With Davis and Cousins, the Pelicans now have two of the three players averaging 25 points and 10 rebounds per game this season (the other is Russell Westbrook). Cousins ranks fourth in the NBA in scoring. Davis ranks fifth. Cousins ranks 11th in rebounds per game. Davis ranks sixth.
They are the only players to average at least 20 points and 10 rebounds in each of the past four seasons. Nobody else has done it more than twice.
Despite Davis' presence, the Pelicans had the second-worst rebounding differential in the NBA (minus-4.6). The only team that is worse is the Mavericks (minus-6.1).
The Pelicans are taking on Cousins' penchant for being overly emotional on the court. Since Cousins debuted in 2010-11, he leads the NBA in technical fouls (105, 29 more than Westbrook), times fouling out (46, 24 more than Amir Johnson) and ejections (12, three more than Matt Barnes).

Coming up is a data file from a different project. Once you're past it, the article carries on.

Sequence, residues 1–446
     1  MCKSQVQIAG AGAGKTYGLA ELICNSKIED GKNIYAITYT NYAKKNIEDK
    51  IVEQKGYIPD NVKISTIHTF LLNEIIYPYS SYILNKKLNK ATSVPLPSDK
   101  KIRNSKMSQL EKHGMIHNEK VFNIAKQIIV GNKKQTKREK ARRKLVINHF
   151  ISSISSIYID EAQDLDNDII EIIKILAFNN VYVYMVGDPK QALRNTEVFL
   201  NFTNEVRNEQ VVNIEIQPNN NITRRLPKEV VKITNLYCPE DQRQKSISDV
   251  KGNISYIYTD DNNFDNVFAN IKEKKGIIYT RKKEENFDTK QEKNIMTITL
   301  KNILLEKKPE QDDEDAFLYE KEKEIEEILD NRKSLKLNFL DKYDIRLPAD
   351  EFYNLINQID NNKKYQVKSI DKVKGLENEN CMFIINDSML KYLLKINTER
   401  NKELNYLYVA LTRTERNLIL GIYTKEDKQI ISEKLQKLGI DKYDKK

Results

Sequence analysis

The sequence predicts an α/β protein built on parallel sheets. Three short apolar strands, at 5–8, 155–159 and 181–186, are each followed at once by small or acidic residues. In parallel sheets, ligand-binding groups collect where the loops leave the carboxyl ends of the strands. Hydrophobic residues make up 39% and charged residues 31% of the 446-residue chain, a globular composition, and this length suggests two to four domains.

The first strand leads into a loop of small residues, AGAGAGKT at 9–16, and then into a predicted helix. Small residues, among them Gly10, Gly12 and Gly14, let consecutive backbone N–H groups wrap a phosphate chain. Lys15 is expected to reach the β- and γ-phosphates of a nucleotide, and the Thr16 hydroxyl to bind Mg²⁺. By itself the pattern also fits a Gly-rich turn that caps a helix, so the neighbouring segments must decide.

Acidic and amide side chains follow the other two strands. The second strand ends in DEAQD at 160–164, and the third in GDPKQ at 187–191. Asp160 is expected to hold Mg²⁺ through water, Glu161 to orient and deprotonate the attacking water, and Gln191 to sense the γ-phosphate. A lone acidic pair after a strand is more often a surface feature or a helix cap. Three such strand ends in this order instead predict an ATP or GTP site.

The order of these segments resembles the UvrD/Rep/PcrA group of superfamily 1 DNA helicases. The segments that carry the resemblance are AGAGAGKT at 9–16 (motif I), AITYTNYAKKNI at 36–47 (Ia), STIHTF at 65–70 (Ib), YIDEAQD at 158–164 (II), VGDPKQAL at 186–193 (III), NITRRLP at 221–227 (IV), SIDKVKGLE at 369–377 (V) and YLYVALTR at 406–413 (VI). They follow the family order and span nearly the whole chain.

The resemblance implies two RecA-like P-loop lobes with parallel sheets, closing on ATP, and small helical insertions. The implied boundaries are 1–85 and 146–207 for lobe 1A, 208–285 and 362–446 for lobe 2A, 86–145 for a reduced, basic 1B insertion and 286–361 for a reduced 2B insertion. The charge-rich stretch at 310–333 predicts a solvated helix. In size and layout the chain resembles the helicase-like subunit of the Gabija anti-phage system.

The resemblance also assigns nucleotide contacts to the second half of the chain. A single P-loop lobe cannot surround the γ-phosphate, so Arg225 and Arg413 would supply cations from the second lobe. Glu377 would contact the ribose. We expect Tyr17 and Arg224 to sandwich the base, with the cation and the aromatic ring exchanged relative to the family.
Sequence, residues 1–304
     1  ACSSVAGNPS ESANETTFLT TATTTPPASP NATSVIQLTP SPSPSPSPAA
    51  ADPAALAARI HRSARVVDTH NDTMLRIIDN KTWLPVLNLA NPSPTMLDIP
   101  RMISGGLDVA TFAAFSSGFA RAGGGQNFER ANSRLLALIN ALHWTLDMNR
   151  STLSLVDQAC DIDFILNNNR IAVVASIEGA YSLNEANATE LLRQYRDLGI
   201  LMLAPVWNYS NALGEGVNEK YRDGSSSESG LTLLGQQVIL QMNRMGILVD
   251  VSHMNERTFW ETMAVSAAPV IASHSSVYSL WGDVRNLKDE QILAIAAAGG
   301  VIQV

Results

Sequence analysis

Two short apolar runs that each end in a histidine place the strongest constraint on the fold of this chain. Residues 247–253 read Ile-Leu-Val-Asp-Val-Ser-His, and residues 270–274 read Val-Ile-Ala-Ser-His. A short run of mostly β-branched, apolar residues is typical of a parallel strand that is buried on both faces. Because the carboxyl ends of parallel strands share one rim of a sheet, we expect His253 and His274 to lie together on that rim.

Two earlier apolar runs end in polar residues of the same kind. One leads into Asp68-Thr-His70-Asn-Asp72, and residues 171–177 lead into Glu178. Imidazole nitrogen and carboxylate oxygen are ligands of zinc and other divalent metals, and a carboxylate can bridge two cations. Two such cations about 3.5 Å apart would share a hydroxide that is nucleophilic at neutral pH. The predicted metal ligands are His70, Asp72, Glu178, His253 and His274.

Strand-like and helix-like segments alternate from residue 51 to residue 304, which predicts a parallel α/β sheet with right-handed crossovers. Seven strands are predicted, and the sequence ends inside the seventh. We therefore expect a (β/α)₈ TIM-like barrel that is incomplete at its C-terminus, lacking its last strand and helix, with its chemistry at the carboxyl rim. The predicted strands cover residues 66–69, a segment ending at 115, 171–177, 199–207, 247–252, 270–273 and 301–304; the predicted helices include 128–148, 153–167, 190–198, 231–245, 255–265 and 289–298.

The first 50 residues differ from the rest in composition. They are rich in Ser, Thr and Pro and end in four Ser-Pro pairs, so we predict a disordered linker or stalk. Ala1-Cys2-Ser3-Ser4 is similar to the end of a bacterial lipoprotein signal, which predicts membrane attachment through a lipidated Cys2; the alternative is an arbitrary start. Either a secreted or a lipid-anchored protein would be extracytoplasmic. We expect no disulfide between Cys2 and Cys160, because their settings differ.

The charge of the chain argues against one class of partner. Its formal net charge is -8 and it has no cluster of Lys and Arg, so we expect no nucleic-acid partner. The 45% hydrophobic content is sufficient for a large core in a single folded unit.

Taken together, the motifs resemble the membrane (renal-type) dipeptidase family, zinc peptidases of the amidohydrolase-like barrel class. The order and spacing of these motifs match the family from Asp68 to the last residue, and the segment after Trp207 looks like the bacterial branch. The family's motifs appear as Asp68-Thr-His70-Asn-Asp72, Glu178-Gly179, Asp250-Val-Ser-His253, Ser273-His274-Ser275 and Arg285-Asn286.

The Sacramento Kings tried to make Cousins their centerpiece but could not win with him. In his seven seasons in the league, the Kings have a .353 winning percentage, no winning seasons and no playoff appearances. Their 10-season playoff drought is the second longest in the NBA (Timberwolves, 12). They were a better team with him on the court than off it this season -- outscored by 2.3 points per 100 possessions with him on the court and 7.2 points per 100 possessions when he was on the bench.
It is highly unusual for a player of Cousins' scoring exploits to be traded at this point in the season. Cousins is averaging 27.8 points, the third-highest mark for a player at the time of a trade, minimum five games into the season. The Elias Sports Bureau notes that the only players who averaged more were Wilt Chamberlain in 1964-65 (38.9 points at the time of his trade from the Warriors to the 76ers) and Allen Iverson in 2006-07 (31.2 when he was traded from the 76ers to the Nuggets).